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Longtime New Orleans meteorologist Carl Arredondo signs off

February 28, 2019
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Carl Arredondo, WWL-TV's Chief Meteorologist, at the news station in New Orleans on Tuesday, Feb. 26, 2019. Arredondo announced February 19 that he had a rare genetic disorder called retinitis pigmentosa that was eroding his peripheral vision, and that his last day would be March 1. (Brett Duke/The Times-Picayune via AP)

NEW ORLEANS (AP) — After a decades-long career as a TV weather forecaster, a New Orleans meteorologist is signing off Friday due to vision problems.

Carl Arredondo, 55, announced Feb. 19 that he had a rare genetic disorder called retinitis pigmentosa that was eroding his peripheral vision, and that his last day at WWL-TV would be March 1.

The station aired a segment Tuesday detailing Arredondo’s condition and showing him negotiating the city’s streets with a white cane that he’s learning to use.

“It’s tough because I love forecasting — not necessarily being on TV. I love sitting down with the computer models and trying to figure out what’s going to happen, but I’ve noticed in the last year especially, it’s not as easy to do the things that I need to do,” Arredondo said.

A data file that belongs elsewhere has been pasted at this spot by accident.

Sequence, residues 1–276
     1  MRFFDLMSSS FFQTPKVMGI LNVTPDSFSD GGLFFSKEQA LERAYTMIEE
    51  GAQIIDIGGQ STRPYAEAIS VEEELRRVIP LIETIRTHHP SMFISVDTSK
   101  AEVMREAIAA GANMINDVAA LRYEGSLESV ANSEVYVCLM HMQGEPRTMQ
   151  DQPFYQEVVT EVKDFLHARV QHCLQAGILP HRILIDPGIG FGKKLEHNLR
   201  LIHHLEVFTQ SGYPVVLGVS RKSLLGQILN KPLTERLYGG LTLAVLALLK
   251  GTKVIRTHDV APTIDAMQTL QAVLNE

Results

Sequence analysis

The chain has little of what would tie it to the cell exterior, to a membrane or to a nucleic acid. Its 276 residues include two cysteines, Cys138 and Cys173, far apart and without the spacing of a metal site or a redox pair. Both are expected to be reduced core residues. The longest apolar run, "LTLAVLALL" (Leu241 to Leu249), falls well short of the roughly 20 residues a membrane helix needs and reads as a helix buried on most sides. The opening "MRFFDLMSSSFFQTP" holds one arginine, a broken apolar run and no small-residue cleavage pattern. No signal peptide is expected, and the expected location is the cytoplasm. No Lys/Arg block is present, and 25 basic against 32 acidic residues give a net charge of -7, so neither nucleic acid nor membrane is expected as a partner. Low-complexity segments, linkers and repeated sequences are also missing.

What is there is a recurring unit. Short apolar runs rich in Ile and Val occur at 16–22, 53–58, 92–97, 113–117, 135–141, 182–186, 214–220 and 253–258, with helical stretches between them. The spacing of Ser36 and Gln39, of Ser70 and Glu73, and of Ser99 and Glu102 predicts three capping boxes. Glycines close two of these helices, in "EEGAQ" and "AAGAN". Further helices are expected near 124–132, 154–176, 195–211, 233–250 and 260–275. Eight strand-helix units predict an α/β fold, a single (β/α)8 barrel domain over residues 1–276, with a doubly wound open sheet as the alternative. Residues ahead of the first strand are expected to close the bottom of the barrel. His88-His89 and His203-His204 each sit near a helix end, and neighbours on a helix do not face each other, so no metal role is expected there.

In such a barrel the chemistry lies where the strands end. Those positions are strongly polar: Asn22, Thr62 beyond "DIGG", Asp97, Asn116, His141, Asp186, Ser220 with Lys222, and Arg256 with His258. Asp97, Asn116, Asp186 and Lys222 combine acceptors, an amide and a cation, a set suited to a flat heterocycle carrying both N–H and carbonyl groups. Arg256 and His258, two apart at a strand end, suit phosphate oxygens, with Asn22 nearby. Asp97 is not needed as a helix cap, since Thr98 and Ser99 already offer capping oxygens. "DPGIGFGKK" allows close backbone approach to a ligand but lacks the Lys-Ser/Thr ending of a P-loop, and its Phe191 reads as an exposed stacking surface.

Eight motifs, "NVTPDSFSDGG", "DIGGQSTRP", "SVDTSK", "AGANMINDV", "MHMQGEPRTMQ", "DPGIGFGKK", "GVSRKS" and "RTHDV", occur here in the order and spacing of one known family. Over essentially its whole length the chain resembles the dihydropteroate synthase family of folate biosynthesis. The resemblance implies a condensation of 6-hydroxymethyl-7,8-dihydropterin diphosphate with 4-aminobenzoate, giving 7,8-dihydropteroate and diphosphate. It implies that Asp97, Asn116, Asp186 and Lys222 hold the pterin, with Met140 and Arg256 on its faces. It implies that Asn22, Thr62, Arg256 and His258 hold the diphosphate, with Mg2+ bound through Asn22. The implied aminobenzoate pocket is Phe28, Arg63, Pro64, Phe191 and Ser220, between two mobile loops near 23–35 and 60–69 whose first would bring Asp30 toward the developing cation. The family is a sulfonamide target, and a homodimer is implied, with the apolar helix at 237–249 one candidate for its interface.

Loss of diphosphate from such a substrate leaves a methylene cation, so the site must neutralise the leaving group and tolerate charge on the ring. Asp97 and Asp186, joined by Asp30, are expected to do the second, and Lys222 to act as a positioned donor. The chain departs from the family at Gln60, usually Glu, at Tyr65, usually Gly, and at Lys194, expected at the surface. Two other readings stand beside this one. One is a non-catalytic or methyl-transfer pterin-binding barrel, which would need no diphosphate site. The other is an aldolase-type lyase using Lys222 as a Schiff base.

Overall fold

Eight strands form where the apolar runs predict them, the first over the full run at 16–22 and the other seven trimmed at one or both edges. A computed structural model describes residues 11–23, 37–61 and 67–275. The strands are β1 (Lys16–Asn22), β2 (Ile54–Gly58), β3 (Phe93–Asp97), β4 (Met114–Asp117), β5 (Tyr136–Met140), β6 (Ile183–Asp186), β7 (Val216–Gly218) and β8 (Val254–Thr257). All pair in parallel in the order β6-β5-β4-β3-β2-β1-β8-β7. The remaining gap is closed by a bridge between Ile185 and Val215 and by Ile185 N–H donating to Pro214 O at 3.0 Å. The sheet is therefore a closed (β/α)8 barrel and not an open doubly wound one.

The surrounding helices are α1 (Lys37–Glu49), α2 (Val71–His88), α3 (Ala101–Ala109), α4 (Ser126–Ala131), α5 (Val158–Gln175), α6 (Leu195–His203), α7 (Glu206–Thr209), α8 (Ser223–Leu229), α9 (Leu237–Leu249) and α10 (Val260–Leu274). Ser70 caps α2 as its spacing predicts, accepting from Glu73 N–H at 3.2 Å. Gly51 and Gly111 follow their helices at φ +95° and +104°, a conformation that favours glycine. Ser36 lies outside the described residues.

He said he has struggled with genetic eye problems since his 20s, including detached retinas that required surgeries after which he couldn’t move for weeks at a time. He was diagnosed with retinitis pigmentosa several years ago.

Arredondo studied meteorology at the University of St. Thomas in Houston and then worked briefly for a private weather company providing offshore clients with weather data. After various stints with television stations in Texas, Arredondo joined The Weather Channel in 1988 and then WWL-TV in 1991.

During his time at the station he’s covered numerous weather events and hurricanes including 2005′s Hurricane Katrina. In the aftermath of Katrina, the station aired a story about his return to his storm-damaged neighborhood and home in Slidell.

After leaving the station, Arredondo will join Lighthouse Louisiana, a nonprofit that works with people who are visually and hearing impaired.

“I’m lucky that I’m stepping away while I can, and it’s my decision to do it. There are times that I am uncertain and nervous and probably a little bit scared, but I know that carefully walking and maneuvering I can find my way to where I need to be,” he said.